Local Features

In addition to the local news, WXPR Public Radio also likes to find stories that are outside the general news cycle... Listen below to stories about history, people, culture, art, and the environment in the Northwoods that go a little deeper than a traditional news story allows us to do. Here are all of the series we include in this podcast: Curious North, We Live Up Here, A Northwoods Moment in History, Field Notes, and Wildlife Matters.

These features are also available as a podcast by searching "WXPR Local Features" wherever you get your podcasts.

Reddit/Imgur

Since March, we've been collecting your questions for a new series at WXPR called Curious North. Today we're answering one of those questions as part of our We Live Up Here series.

Melissa Nieman in Tomahawk recently asked: Can we agree on a pronunciation of the word sauna?!

Mackenzie Martin talked to two linguistic researchers to try and figure out the answer.

WISCONSIN HISTORICAL SOCIETY, IMAGE ID: 104268, WISCONSINHISTORY.ORG

Throughout the last year, our local historian Gary Entz has uncovered why many towns in the Northwoods are named what they are.

Some previous installments of A Northwoods Moment in History have included how the communities of Gagen, Sugar Camp, Phelps, St. Germain, Sayner, and Rhinelander got their names.

In this week’s installment, we hear how the town of Gleason got its name.

Raceforwater/Wikimedia Commons

You probably polluted a water body today—we all did.

In today’s Wildlife Matters, the Masked Biologist takes a look at pharmaceuticals and personal care products and their detrimental impacts.

WISCONSIN HISTORICAL SOCIETY, IMAGE ID: 39770, WISCONSINHISTORY.ORG

For this week's A Northwoods Moment in History, Gary Entz tells us about the incredible journey of Thomas O’Brien in 1913.

In 1913 Thomas O’Brien was just on ordinary resident of Rhinelander.  While his brother John O’Brien was a respected member of the Rhinelander Police Department and served his community honorably, it was the younger brother Thomas who did something remarkable.  Thomas O’Brien undertook an incredible journey that few people even today would dare attempt.

www.goodfreephotos.com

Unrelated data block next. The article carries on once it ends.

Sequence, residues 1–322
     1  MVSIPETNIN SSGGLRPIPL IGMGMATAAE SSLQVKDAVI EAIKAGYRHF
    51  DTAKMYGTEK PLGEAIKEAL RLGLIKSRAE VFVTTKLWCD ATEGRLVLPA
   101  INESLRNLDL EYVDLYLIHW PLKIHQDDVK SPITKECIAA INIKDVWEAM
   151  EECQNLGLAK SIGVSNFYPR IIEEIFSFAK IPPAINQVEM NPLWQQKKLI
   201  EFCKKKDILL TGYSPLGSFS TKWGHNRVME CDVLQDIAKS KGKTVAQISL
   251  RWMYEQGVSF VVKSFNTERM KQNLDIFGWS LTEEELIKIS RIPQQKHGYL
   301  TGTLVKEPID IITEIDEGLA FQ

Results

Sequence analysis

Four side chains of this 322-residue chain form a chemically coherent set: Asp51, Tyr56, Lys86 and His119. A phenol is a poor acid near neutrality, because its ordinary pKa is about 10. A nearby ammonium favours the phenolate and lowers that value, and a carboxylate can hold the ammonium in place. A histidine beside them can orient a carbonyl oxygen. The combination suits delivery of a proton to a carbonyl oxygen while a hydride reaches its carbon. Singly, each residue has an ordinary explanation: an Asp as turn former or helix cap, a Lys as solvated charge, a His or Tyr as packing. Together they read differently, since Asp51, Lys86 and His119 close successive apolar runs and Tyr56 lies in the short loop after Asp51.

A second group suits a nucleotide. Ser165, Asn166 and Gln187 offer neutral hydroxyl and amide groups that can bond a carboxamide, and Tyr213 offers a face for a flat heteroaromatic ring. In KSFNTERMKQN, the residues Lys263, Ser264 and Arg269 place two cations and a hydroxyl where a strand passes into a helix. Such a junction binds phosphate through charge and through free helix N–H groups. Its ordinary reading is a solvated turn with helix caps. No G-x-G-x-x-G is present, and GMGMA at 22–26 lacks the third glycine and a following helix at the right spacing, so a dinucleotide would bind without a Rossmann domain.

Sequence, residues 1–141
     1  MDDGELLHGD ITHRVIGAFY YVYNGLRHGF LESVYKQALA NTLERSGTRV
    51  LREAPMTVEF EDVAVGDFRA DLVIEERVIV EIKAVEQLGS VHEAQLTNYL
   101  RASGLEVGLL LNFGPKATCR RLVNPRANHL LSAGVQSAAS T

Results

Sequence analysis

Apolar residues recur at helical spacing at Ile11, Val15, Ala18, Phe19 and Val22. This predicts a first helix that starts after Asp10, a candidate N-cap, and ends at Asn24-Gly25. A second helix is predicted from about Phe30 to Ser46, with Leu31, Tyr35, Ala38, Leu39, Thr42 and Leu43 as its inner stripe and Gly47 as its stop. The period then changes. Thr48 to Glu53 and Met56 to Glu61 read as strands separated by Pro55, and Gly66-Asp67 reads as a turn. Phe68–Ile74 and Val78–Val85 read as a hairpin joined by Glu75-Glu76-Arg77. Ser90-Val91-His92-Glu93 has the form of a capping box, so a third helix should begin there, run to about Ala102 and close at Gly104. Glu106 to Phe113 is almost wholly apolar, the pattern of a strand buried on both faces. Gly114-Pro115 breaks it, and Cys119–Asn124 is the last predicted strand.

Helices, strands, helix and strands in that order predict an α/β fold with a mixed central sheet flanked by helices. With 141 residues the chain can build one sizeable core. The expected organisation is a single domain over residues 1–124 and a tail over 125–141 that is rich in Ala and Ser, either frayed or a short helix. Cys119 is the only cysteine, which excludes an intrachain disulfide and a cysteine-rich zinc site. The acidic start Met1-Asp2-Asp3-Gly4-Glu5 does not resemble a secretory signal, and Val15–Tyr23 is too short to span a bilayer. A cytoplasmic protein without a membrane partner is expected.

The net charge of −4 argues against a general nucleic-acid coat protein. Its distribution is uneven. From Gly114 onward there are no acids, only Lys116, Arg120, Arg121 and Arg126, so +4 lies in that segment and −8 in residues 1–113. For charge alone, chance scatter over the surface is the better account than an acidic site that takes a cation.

Spring is a busy time of year for Wisconsin’s wildlife.

Here is the Masked Biologist with a few springtime wildlife tips for this week’s Wildlife Matters.

WISCONSIN HISTORICAL SOCIETY, IMAGE ID: 79441, WISCONSINHISTORY.ORG

For this week's A Northwoods Moment in History, Gary Entz tells us about a cold case that exists in Rhinelander from 1939.

A cold case is a criminal case where probative investigative leads have been exhausted but could be reopened pending the discovery of new evidence.  Such a cold case exists in Rhinelander’s history, and it is a grisly case of alleged murder.

Did you know that Earth Day has its roots in Wisconsin?

The Masked Biologist takes a glimpse back at the origins and early years after the original Earth Day in this week’s Wildlife Matters.

Happy Earth Day! How familiar are you with the establishment and early years of Earth Day? I thought perhaps I would share some insight from someone who knew it far better than I, earth day founder and Senator from Wisconsin Gaylord Nelson, in his own words.

Wisconsin Historical Society, Image ID: 24526, wisconsinhistory.org

For this week's A Northwoods Moment in History, Gary Entz tells us about the Soo Line Passenger Trains.

The Minneapolis, St. Paul and Sault Ste. Marie Railroad, more commonly known as the Soo Line, formed in 1884 and became a significant part of Northwoods history.  Although the company was primarily a freight railroad and was never one of the nation’s great passenger railroads. It nonetheless provided passenger service to the Northwoods with a branch of its Laker passenger train.

Pixabay

Black bears are easily one of our most intriguing wildlife species up here.

A few weeks back an anonymous listener from the Rhinelander area submitted a question to our Curious North series: What time of year do bears come out of hibernation?

In this week's episode of Wildlife Matters, the Masked Biologist answers that question and more, as he discusses some of what is going on in the life of a bear as it emerges from winter.

Carl Friedrich Benz/Wikimedia Commons

It remains uncertain when the first automobile appeared in the Northwoods, but what we know for sure is that they were not welcomed with open arms.

Gary Entz has the story for this week's A Northwoods Moment in History.

Wisconsin DNR

For this month's Field Notes feature, Susan Knight discusses Wild Rice, and its amazing transformation from spring to fall.

As our state loses numbers of hunters, it also loses the license revenue that funds wildlife management. This is the topic the Masked Biologist tackles in this week’s Wildlife Matters.

Courtesty of Grandview Orchard

There is a growing market for locally grown food produced without the use of synthetic chemicals.

In Antigo, the 100-year-old Grandview Orchard in Antigo is slowly being transformed to organic production.

Jim Skibo continues our We Live Up Here series with the story.

Have you ever dreamed of quitting your job and buying a farm? Lisa Rettinger has done just that. Four years ago, she quit her job in the Twin Cities and purchased a 110-year-old apple orchard just a few miles east of Antigo.

WISCONSIN HISTORICAL SOCIETY, IMAGE ID: 5826, WISCONSINHISTORY.ORG

Throughout the last year, our local historian Gary Entz has uncovered why many towns in the Northwoods are named what they are.

Some previous installments of A Northwoods Moment in History have included how the communities of Gagen, Phelps, St. Germain, Sayner, and Rhinelander got their names.

Pages